[ The PC Guide | The PC
Buyer's Guide | Step-By-Step Summary Guide To Buying A PC ]
Step 1: Analyze Your Requirements
The initial step in buying a PC is to analyze your personal
requirements and determine what you need your PC system to be able to do. This
essential first task helps ensure that you buy a system that will do what you need it to
do. If you skip it, there's a good chance you will end up dissatisfied with your purchase.
Here's how to analyze your requirements, step by step:
- Determine Your Needs and Wants: Considering all
the various uses for PCs, determine what you will use your machine for. Make a list of the
software you plan to run, and decide what your priorities are. This will help guide you to
the right type of PC.
- Be Sure That You Really Need A PC: There are
alternatives to buying a PC; they aren't for everyone. Make sure you really need one
before spending a good chunk of money and time.
- Prioritize Requirements Factors: There are a
number of different factors to take into account, that represent different requirements PC
buyers have for their machines. The most important ones are cost, performance,
expandability, reliability, warranty and service, ergonomics and aesthetics. Decide which
of these are important to you, and which ones are not.
- Decide On A Desktop Or Notebook: Notebook PCs
let you take your computer with you or work while you travel. However, compared to
desktops, they are worse in almost every way but portability: more expensive, lower in
performance and capacity, and worse in terms of reliability, expandability, selection,
configurability and upgradeability. Decide if you really need the portability enough to
justify these drawbacks; if you do, plan on a notebook, but otherwise get a desktop.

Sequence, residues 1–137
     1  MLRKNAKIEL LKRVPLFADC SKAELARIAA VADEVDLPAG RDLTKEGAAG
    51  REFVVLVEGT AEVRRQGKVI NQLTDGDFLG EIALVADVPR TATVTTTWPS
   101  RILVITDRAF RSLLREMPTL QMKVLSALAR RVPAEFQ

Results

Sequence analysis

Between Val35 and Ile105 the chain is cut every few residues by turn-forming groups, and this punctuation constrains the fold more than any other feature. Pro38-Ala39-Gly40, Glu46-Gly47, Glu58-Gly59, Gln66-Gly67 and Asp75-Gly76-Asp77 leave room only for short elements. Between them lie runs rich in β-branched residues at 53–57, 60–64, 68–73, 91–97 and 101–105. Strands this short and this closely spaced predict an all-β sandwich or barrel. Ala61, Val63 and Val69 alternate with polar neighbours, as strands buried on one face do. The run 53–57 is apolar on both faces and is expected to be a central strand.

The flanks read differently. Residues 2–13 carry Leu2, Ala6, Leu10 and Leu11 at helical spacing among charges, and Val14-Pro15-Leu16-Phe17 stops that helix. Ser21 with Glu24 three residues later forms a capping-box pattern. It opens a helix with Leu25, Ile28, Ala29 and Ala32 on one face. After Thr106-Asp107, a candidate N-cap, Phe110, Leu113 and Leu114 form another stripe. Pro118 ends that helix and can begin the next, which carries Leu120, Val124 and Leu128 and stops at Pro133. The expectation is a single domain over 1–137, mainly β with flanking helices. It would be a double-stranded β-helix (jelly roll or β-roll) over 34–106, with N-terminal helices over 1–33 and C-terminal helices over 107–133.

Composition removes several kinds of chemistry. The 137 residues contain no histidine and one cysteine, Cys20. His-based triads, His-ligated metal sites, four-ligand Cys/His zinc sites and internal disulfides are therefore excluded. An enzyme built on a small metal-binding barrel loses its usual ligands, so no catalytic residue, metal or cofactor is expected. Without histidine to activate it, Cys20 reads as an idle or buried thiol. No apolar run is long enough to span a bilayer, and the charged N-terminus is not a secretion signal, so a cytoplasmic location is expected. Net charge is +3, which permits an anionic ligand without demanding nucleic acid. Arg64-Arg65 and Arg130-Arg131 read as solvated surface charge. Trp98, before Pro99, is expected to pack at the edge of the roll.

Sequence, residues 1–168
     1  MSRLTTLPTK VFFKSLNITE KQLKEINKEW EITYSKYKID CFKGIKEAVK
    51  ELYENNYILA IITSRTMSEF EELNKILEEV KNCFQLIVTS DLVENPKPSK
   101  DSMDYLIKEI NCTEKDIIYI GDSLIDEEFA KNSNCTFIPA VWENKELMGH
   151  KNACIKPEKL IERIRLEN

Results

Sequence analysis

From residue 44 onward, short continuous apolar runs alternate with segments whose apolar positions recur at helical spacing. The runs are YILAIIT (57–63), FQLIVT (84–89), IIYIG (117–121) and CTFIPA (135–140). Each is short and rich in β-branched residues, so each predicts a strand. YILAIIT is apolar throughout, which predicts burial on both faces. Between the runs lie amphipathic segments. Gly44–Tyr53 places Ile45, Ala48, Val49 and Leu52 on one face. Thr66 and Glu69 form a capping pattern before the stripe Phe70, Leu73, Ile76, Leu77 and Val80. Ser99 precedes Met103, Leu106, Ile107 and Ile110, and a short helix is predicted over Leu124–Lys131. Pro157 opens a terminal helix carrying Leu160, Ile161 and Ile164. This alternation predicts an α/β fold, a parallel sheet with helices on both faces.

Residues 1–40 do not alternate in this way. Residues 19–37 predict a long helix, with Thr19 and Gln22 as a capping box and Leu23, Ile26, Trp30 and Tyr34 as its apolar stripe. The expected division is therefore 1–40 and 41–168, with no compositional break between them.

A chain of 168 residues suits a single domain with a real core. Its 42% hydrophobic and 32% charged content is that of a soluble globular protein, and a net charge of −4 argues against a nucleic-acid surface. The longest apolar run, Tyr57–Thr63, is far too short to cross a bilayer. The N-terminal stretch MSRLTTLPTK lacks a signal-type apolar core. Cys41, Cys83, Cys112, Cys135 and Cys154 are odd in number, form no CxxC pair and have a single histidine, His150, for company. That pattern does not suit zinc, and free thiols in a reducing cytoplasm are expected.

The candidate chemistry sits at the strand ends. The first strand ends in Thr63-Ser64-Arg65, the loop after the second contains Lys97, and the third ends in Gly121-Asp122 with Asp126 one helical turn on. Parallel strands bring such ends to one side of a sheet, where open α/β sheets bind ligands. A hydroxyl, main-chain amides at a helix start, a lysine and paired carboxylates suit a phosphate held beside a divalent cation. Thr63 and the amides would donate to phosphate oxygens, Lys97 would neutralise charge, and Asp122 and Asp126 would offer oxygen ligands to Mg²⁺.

- Decide On Building Or Buying: Most people buy a pre-made PC because it is simpler and faster than
building your own, and less knowledge is required. However, building your own PC teaches you about PCs and gives
you the ultimate power and control to create a system that does exactly what you need, and
is easy to upgrade and expand. Assuming you are going with a desktop unit, decide which
way you want to go (you can't build a notebook).
- Determine Your Budget: Decide how much money you
want to spend on your PC. This isn't easy to determine; you will need to decide for
yourself if you want to start with a hard budget limit and buy whatever fits into it, or
remain "flexible" until you figure out how much it will cost to get enough
system to meet your needs. Bear in mind the following general points about budget:
I have created a number of PC use profiles, which describe
different ways that PCs are common used. For each, I discuss typical applications, which
requirements factors are most important, typical PC types, budget and so on. These may
help you understand how to put all the pieces together in analyzing requirements--just
don't assume you have to try to fit yourself into one of these "cookie-cutter"
After these steps are done, you should have a good idea of roughly what you need and
want in a PC, the general approach you plan to take to get it, and what you are willing to
spend. Here are some general tips to keep in mind during requirements analysis:
- Be honest with yourself in deciding what you need a
PC for, or you may overspend or under-spend and be unhappy with the results.
- Avoid the common traps associated with planning a PC
purchase, such as thinking of the PC as an "investment" (and hence
over-spending), or worrying overly about depreciation (and under-spending).
- If specifying a system for others, be sure to keep their
requirements in mind.
- If you need help determining your system's requirements, ask
a PC person you know for help.
- If you are on a tight budget, consider free alternatives to
buying hardware, such as using someone else's PC, updating your software, or
optimizing your existing system.
- Consider an upgrade to your existing PC if a new
PC is too expensive.
- If you are planning a system to run a specific piece of software, be sure to let the needs of that software guide your requirements
- If you are on a tight budget, remember that there are good
ways to economize (such as getting a slower CPU, reusing components or putting off
peripheral purchases), and bad ways as well (such as
buying a cheap monitor, getting too little memory, or buying a imbalanced system).
2: Design And Specify Your System
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